Figure 65 Drop weight test conFigureation the anvil stop. ____________________________________________________ 134
Figure 66 Robertson crack-arrest test __________________________________________________________________________ 136
Figure 67 Temperature dependence of yield strength (o), tensile strength (u) _____________________________ 136
Figure 68 Fracture-analysis diagram showing influence of various initial flaw sizes ________________________ 136
Figure 69 Fracture analysis diagram for steel A _______________________________________________________________ 137
Figure 70 Application of DT test result for fracture analysis ___________________________________________________ 137
Figure 71 Different phases of fatigue life and relevant factors ________________________________________________ 138
Figure 72 Laboratory simulation of the multistage fatigue process. __________________________________________ 139
Figure 73 Different scenarios for fatigue crack growth ________________________________________________________ 141
Figure 74 Schematic illustration of variation of fatigue-crack -growth rate, da/dN, with alternating stress
intensity, K, in steels, showing regions of primary crack-growth mechanisms. ______________________________ 141
Figure 75 Schematic of K-based crack resistance, R curve with position of KIc _______________________________ 145

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List of tables
Table 1 Classification criteria and weld type according to EC 3-1-8. _______________________________________10
Table 2 Provisions regarding the correlation of loading and control of welds ______________________________18
Table 3 The partial safety factors M for joints _________________________________________________________________26
Table 4 Type of joint model ______________________________________________________________________________________29
Table 5 Correlation factor w for fillet welds. __________________________________________________________________34
Table 6 Conditions for welding cold-formed zone and adiacent material ___________________________________42
Table 7 Stress raisers and notch effects _______________________________________________________________________43
Table 8 Characteristics, limitations and conditions related to the type of welding. ________________________45
Table 9 The centre to centre spacing of fillet welds all round ________________________________________________48
Table 10 Types of hot spots ______________________________________________________________________________________55
Table 11 Correlation between relatively coase and fine models, to type of model and weld toe ________59
Table 12 FAT data, stress at knee-point of S-N curve, constants of tentative S-N curves and constants
for Palmgren-Miner summation __________________________________________________________________________________81
Table 13 Fatigue resistance against structural hot spot stress ______________________________________________83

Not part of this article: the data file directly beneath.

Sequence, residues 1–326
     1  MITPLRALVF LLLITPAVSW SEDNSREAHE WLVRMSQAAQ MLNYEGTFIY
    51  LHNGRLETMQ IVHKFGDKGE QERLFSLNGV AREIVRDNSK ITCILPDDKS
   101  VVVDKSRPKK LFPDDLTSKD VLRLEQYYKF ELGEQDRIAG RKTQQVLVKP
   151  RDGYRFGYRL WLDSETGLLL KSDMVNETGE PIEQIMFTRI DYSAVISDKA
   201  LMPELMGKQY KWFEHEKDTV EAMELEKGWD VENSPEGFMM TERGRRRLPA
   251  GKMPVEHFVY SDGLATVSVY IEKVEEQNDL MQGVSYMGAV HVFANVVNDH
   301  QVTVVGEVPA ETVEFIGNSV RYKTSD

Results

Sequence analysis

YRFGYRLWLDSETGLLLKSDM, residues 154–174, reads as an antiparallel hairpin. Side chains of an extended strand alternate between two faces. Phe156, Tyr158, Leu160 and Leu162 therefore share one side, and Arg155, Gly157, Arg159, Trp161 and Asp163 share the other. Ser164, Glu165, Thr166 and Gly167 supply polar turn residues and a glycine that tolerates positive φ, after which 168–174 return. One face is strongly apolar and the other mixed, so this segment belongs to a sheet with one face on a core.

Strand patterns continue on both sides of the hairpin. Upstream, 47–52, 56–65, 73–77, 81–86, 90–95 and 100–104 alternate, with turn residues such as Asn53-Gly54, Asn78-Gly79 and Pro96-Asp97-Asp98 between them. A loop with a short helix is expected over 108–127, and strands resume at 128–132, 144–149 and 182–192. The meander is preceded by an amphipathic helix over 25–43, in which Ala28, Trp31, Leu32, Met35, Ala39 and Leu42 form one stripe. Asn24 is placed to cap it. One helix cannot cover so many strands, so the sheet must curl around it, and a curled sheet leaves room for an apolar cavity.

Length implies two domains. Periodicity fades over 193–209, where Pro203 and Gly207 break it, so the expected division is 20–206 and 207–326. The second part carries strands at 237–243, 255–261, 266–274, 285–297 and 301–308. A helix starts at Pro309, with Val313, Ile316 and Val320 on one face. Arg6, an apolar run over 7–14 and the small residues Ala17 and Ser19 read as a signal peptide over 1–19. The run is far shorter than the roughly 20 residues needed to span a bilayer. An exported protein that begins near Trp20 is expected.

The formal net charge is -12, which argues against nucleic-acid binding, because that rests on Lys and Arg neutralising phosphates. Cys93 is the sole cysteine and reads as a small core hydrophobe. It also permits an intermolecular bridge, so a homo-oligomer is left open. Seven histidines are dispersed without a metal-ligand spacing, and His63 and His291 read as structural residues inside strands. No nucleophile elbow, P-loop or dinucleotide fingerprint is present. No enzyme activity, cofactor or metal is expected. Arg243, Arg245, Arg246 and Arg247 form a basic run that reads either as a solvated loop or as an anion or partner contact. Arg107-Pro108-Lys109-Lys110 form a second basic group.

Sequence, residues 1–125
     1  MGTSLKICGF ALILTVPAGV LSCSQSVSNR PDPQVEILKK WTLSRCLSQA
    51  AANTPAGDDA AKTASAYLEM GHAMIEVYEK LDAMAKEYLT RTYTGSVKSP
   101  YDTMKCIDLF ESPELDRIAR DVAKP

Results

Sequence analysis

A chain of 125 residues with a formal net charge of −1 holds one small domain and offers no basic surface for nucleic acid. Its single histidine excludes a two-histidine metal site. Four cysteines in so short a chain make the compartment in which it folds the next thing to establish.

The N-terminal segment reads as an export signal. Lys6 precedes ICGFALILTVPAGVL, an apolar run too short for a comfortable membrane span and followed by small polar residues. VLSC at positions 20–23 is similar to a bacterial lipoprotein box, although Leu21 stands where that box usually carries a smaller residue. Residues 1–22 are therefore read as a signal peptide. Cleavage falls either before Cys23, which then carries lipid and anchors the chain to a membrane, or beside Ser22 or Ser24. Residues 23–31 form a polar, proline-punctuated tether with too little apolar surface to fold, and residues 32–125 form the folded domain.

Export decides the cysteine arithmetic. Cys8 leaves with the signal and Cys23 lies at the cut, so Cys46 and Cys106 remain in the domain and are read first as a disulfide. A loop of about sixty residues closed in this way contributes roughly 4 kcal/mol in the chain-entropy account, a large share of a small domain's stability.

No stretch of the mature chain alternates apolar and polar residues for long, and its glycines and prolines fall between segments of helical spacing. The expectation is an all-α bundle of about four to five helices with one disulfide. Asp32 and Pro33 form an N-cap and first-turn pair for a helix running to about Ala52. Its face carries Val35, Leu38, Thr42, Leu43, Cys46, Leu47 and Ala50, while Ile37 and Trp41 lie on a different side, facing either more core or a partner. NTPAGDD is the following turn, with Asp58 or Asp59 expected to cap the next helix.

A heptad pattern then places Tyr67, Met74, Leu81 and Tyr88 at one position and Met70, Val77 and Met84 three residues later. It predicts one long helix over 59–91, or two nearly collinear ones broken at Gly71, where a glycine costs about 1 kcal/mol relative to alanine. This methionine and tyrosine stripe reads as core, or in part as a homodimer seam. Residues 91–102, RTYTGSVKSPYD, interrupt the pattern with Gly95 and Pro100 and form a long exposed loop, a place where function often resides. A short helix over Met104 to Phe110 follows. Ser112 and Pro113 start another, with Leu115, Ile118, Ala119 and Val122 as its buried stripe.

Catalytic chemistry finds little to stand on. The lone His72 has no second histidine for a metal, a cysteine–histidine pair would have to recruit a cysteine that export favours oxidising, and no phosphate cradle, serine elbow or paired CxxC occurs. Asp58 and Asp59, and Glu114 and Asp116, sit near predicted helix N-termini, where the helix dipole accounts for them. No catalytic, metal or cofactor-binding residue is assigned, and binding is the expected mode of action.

Table 14 Effective notch fatigue resistance for steel __________________________________________________________86
Table 15 Thickness correction exponents ______________________________________________________________________87
Table 16 Benefit factors on stress of burr grinding and TIG dressing ______________________________________90
Table 17 Benefit on stress of hammer peening (nominal stress) ____________________________________________91
Table 18 Benefit on stress of needle peening (nominal stress) ______________________________________________92
Table 19 Testing approaches ____________________________________________________________________________________97
Table 20 F-factors for failure of all test specimens ____________________________________________________________98
Table 21 F-factors for the first test specimen to fail ___________________________________________________________98
Table 22 Categorisation and assessment procedure for weld imperfections ____________________________ 100
Table 23 Consideration of stress magnification factors due to misalignment ____________________________ 102
Table 24 Acceptance levels for weld toe undercut in steel _________________________________________________ 102
Table 25 Acceptance levels for weld toe undercut in aluminium __________________________________________ 103
Table 26 Acceptance levels for porosity and inclusions in welds in steel ________________________________ 104
Table 27 Acceptance levels for porosity and inclusions in welds in aluminium __________________________ 104
Table 28 Fatigue resistance values for structural details in steel and aluminium assessed on the basis
of nominal stresses _____________________________________________________________________________________________ 105
Table 29 Chemical composition and tensile characteristics of tested steels _____________________________ 131
Table 30 The three basic types of fatigue properties _______________________________________________________ 140